Planned Salisbury bypass faulted as discriminatory

April 22, 1994|By Peter Jensen | Peter Jensen,Sun Staff Writer

The ACLU has asked the federal government not to fund a planned Salisbury bypass because it would harm a predominantly black neighborhood.

Deborah A. Jeon, an attorney with the American Civil Liberties Union of Maryland, said the proposed U.S. 50 bypass represents a case of historic racial discrimination repeating itself. When the original U.S. 50 was built in the 1960s, she said, it displaced numerous black families who were never even notified the highway was coming.

The 10-page complaint to the U.S. Department of Transportation's civil rights division includes an affidavit from Ann Church, 42, a resident of the Salisbury community of Jersey Heights whose family was uprooted by the original highway.

"Just as I was displaced by Route 50 as a 9-year-old, my 9-year-old daughter will see her all-black neighborhood singled out as a highway construction site," Ms. Church said in her statement.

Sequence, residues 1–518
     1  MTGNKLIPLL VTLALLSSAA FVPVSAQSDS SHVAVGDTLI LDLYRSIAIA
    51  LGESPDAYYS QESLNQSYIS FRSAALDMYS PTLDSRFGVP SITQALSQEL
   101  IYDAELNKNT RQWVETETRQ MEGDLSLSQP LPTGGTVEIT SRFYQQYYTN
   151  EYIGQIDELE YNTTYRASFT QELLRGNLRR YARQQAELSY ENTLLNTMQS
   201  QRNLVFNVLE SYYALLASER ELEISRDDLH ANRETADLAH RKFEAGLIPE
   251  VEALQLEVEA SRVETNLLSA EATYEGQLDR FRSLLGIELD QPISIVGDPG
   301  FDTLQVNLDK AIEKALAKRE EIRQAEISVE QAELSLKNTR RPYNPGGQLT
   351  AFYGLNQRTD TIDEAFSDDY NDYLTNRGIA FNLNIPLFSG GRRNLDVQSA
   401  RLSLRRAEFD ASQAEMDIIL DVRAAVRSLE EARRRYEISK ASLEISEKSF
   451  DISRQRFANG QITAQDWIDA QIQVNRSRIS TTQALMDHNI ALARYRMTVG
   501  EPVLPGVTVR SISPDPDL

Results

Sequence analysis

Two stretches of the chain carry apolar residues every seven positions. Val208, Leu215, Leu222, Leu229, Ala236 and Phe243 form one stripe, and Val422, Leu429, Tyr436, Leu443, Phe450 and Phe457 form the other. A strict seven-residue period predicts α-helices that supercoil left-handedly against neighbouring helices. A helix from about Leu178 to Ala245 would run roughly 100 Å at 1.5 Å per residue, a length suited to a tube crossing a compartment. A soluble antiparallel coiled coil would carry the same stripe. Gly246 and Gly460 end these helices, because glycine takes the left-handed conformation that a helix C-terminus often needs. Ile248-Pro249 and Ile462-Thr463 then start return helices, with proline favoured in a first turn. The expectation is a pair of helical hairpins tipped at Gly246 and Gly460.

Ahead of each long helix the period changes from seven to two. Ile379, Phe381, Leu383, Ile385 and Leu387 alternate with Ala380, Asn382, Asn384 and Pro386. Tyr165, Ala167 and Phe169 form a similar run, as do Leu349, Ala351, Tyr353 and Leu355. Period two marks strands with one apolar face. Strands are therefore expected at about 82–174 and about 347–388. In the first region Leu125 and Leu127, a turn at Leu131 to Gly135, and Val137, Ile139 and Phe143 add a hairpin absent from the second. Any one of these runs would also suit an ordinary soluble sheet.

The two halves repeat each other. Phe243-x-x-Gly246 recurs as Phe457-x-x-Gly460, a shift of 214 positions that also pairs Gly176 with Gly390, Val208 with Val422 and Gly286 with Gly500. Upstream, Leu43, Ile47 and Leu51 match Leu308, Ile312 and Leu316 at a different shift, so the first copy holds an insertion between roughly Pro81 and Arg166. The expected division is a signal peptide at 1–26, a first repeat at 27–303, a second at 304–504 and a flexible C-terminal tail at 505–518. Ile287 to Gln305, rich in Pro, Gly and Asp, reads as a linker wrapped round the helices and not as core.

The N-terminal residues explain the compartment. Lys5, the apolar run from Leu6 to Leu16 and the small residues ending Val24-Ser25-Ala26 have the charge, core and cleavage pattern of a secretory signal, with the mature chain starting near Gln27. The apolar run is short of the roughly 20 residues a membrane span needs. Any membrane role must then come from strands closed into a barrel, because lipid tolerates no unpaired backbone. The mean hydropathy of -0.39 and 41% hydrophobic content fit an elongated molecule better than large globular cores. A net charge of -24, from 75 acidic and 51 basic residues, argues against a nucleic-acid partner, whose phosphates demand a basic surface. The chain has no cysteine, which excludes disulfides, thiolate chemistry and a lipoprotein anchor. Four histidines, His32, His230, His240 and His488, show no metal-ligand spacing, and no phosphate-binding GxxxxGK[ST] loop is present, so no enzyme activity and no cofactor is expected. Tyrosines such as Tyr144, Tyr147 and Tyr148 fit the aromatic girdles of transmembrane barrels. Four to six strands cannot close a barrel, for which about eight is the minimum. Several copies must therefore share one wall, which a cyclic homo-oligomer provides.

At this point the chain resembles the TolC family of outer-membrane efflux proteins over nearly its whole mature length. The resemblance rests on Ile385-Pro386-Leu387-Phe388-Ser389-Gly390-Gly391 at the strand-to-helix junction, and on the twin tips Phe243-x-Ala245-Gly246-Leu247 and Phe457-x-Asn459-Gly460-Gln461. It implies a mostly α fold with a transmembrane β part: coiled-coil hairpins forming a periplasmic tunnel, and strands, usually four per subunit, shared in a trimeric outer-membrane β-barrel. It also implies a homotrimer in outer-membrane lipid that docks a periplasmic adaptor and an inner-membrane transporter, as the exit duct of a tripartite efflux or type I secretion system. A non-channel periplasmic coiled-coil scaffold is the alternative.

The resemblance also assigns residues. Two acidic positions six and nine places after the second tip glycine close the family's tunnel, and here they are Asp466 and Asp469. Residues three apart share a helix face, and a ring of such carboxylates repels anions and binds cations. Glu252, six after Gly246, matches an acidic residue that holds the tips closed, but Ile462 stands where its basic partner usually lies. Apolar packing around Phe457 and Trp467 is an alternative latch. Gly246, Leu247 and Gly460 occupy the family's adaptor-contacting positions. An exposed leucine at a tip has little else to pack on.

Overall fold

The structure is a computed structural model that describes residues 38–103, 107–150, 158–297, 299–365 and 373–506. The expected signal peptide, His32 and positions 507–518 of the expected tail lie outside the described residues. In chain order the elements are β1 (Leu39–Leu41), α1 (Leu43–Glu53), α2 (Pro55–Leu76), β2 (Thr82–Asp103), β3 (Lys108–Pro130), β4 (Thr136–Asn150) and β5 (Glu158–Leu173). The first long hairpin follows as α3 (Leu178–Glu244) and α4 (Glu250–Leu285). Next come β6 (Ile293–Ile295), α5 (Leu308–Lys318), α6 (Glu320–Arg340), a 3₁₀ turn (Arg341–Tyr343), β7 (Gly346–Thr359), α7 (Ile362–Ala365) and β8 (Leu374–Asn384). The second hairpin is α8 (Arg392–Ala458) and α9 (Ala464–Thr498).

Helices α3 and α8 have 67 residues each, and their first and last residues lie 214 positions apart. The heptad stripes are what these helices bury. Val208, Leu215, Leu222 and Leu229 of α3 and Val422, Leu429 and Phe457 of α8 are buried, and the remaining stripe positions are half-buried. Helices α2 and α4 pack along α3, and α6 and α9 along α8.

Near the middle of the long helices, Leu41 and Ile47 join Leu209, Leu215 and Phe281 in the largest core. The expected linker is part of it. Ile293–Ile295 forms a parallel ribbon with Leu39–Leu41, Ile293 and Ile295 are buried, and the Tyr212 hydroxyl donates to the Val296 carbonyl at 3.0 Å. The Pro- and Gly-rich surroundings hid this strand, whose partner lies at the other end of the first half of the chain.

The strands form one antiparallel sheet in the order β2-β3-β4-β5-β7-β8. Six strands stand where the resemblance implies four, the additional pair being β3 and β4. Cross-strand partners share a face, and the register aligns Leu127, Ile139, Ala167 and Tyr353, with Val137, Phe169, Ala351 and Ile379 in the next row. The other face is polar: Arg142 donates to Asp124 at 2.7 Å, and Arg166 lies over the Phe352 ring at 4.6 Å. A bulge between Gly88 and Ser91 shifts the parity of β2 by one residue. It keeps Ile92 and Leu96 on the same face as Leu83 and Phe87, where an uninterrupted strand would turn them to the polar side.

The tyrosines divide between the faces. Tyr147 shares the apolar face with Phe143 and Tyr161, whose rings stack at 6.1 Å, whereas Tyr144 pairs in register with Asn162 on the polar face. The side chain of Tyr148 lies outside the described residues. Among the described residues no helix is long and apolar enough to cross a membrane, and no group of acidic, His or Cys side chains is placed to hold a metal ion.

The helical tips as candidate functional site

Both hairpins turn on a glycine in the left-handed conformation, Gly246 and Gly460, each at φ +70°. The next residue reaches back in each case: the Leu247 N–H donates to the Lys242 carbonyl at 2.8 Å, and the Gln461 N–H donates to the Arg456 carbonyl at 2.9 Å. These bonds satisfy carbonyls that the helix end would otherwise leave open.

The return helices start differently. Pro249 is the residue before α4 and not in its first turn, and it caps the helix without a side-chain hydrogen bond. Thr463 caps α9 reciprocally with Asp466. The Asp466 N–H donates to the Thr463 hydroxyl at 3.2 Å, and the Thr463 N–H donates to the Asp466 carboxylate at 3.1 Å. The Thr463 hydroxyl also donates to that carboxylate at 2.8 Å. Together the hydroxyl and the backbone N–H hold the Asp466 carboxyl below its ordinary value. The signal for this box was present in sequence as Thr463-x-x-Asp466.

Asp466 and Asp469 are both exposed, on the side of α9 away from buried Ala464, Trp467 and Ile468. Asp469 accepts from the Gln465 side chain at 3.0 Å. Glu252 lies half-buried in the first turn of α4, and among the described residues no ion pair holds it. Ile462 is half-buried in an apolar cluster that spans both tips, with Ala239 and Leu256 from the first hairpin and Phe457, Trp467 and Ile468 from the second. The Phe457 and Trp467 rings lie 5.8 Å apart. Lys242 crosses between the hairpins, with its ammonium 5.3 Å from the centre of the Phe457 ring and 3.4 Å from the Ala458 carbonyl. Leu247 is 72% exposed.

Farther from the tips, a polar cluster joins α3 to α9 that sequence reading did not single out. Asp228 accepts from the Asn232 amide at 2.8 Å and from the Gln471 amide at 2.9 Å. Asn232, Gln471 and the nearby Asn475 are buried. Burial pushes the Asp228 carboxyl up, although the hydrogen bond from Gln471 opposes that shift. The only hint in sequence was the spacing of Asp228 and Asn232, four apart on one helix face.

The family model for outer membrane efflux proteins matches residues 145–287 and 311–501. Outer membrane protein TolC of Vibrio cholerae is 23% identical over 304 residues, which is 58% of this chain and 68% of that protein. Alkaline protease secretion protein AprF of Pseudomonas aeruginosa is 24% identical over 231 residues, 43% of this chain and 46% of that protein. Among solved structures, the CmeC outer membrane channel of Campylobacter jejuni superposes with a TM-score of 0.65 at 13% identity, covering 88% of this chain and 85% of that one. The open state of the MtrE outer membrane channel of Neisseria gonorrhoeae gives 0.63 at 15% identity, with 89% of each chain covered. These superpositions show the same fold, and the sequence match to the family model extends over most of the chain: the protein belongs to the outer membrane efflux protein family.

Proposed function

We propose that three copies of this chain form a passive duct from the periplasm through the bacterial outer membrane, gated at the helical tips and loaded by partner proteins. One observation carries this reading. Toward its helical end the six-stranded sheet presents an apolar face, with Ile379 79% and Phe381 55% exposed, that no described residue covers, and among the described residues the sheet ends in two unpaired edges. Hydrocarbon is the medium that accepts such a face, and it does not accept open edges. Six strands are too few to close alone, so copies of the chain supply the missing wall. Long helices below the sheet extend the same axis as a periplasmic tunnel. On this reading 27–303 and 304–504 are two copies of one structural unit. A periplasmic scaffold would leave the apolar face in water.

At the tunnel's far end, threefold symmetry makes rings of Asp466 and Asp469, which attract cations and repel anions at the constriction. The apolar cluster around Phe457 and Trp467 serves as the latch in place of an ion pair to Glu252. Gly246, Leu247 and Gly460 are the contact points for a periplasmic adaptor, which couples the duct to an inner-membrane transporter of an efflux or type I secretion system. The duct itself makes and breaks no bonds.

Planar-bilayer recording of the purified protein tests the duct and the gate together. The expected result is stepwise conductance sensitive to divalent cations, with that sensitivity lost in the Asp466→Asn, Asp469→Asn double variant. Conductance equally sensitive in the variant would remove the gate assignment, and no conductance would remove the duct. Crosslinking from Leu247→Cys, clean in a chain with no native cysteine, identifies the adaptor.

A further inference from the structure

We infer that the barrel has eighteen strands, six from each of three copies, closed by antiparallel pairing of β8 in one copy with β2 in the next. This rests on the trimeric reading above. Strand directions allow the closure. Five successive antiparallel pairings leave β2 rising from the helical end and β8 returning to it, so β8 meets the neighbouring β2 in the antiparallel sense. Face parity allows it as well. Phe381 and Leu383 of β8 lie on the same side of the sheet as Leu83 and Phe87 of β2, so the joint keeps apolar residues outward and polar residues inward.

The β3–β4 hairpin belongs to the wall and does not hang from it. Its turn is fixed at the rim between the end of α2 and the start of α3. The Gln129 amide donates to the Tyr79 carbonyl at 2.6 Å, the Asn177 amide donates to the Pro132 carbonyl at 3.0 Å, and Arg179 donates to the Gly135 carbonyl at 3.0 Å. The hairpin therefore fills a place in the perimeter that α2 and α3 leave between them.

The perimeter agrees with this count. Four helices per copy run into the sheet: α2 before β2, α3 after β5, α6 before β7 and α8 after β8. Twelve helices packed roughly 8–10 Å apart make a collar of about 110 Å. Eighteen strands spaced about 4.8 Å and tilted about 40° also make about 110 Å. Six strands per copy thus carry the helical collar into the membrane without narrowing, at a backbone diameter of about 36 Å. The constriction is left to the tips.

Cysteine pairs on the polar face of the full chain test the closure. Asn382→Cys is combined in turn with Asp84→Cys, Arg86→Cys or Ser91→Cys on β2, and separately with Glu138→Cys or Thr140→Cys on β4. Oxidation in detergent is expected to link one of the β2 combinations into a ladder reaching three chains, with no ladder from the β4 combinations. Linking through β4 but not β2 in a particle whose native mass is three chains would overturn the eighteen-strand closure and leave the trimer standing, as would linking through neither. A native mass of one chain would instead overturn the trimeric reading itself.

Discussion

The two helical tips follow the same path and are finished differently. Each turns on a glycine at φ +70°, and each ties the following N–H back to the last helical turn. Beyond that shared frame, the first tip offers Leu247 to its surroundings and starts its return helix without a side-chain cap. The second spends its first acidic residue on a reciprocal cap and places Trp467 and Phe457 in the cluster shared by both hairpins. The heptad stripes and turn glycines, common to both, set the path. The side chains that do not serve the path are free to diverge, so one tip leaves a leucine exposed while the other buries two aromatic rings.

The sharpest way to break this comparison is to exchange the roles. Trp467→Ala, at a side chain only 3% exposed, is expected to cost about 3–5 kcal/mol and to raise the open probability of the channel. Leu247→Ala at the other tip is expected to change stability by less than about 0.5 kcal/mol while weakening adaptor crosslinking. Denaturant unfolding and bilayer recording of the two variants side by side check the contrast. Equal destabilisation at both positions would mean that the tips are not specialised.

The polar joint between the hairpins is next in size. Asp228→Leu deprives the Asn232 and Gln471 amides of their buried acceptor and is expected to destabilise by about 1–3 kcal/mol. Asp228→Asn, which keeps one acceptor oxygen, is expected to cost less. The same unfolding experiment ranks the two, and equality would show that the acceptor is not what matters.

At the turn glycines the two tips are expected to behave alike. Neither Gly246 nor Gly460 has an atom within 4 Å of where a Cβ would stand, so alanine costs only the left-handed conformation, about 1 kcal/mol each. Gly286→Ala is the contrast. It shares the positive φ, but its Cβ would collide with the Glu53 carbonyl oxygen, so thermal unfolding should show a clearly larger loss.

The State Highway Administration has proposed a 5.2-mile-long bypass route that veers around the north side of the Wicomico County town. The long-discussed project would cost about $72 million, of which the federal government was expected to pay 80 percent, or $57.6 million.

Ultimately, the bypass would free Ocean City vacationers from Salisbury's numerous traffic lights, which frequently cause delays on summer weekends.

In her complaint filed on behalf of the Jersey Heights Neighborhood Association, Ms. Jeon alleges that the SHA did not contact Jersey Heights residents when the project was first planned in the 1970s. She claims the "99 percent African-American" Jersey Heights is the only residential neighborhood directly affected by the project.

"The bypass would alter the essential nature of Jersey Heights," the ACLU's letter states. "Property values would fall. The neighborhood would become an undesirable place to live, and many current residents would no longer wish to stay."

SHA spokeswoman Valerie Burnette said the route not only goes through a black community, but through an industrial area and a predominantly white community. She said the design of the highway has still not been fully decided.

"This is the first time in recent memory we've ever received a complaint that one of our alignments has been racially motivated," she said. "We've not intended it to be that. This was the route that was determined to be the least disruptive."

The SHA currently has no timetable to build the bypass, nor has any money been allocated for construction.

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